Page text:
Basin Pond’s trails lead visitors across streams and cascades through a boulder-strewn natural amphitheater to a beaver pond and the site of two long-gone man-made dams. Hikers today can enjoy Basin Pond’s 296 acres by taking the loop trail or walking the more direct route to the pond via the lower trail.
Basin Pond Trail: 2.5 miles round trip, 1.75 hours, moderate
Special features: Beautiful wetlands, with a wildlife viewing deck in the sun. Trail crosses a boulder field which provides a great place for kids to climb and hide on trailside rocks.
SCROLL FOR TRAIL DESCRIPTION, PROPERTY DESCRIPTION, AND NATURAL HISTORY
From Lee: Take Route 20 east past the Outlets. After approximately 4 miles turn left onto Becket Road. Parking will be on your left after a third of a mile.
From Great Barrington: Take Route 7 north into Stockbridge. Turn onto Route 102 heading east into Lee. After passing Big Y, turn right onto Route 20 heading east. After approximately 4 miles turn right onto Becket Road. Parking will be on your left after a third of a mile.
From Pittsfield: Take Route 20 south into Lee. From Lee, stay on Route 20 heading east, past the Mass Pike toward Becket. After approximately 4 miles turn left onto Becket Road. Parking will be on your left after a third of a mile.
GPS: 42.2959, -73.1612 (Trailhead parking)
From the kiosk, the trail takes hikers on an easy ramble over rolling ground to a cascading stream. Just before the stream, the trail splits. The right fork rises higher on the slope while the left fork takes a shorter route with less elevation gain. Neither path requires much exertion. The two trails converge at a short spur leading to what remains of the 1965 dam. A viewing platform there offers a safe perspective on those ruins and the pond that beavers have created. A round-trip of the trail is about 2.5 miles and takes about an hour and 45 minutes.
Not far from the bustle of one of the busiest intersections in Berkshire County – the confluence of the Lee Prime Outlets and the Massachusetts Turnpike – lies a 296-acre refuge from the high-speed world.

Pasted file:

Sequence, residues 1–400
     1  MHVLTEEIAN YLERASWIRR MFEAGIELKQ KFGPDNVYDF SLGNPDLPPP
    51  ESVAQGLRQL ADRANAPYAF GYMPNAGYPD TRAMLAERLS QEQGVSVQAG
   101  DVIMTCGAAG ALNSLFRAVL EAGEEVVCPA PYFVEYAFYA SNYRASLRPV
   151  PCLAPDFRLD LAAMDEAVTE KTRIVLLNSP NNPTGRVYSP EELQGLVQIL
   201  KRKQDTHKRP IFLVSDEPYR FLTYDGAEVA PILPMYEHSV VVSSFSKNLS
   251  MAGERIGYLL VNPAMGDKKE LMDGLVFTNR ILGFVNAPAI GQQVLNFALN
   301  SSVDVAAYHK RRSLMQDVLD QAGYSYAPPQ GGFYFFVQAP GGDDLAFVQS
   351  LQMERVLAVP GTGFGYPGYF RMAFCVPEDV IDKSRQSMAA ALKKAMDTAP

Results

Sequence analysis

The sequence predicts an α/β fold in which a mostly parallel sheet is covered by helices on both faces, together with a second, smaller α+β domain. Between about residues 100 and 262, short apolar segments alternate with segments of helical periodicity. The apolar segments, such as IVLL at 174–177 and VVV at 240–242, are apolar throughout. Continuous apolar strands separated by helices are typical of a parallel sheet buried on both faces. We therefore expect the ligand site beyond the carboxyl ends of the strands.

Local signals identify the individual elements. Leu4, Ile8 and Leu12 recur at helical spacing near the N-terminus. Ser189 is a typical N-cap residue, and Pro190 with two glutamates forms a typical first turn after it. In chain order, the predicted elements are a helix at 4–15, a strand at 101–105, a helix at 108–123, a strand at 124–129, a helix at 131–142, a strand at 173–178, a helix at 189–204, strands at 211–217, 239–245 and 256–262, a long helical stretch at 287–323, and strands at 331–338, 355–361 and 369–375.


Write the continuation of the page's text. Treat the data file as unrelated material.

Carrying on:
The folly of man vs. nature shaped the human and social history of Basin Pond. Not one but two dams were built to hold back the waters of the brook, forming first “Mud Pond,” then “Lake Lee,” and now a marshland called “Basin Pond.”
In 1873 East Lee mill owners built a dam at the pond outlet to provide a steady water supply for their manufacturing. Thirteen years later on April 20, 1886 the dam let go, destroying 25 mills and many homes and killing seven people. Described in one history book published shortly after the incident as the “Complete and Terrible Disaster at East Lee,” the deaths led to an inquest, but in the end no one could figure out which manufacturer had contributed to the dam’s construction.
Fast forward almost 100 years. The second dam was built in 1965 by two developers who formed the Cromwell-Wright Company to create a resort community that was heavily marketed in the 1960s as the “Lee Colony on the Lake.” This lake (now called LakeLee) was to be the magnet for a 100-lot leisure home development. Three years later, on March 24, 1968, the middle of the 25 foot earthen dam suddenly collapsed, cascading 12 million gallons of water down Greenwater Brook, killing two people in their Cape Street homes, and causing millions of dollars of damage. In the three years before the disaster, 15 lots were sold, and ten residences now border the south side of the wetland.
Cromwell and Wright wrote in 1966 that their resort development would be “an investment for generations of happiness in unspoiled America.” This proved not to be the case. Now, thanks to N. Robert Thieriot, who purchased the property in 1992 and bequeathed it to Berkshire Natural Resources Council, Basin Pond is conserved forever. It provides habitat for a wide variety of wildlife and a place where visitors can take in the grandeur of its “just plain exquisite” (George Wislocki) natural amphitheater. The boulders strewn about the site were deposited by glaciers.
Basin Pond’s watery habitat attracts moose and beaver. In part because the property abuts October Mountain State Forest, with 16,500 acres the largest in the state, much other wildlife can be seen, including hermit thrushes. Hemlocks, oaks and other hardwood trees provide abundant shade, while hobble bush is common in the undergrowth. A striking feature of the site is the lacework of streams, large and small, that course down the south-facing hillside.
2. Hoosac Range
3. Basin Pond
4. Stevens Glen
6. Clam River
8. Bob’s Way
10. Housatonic Flats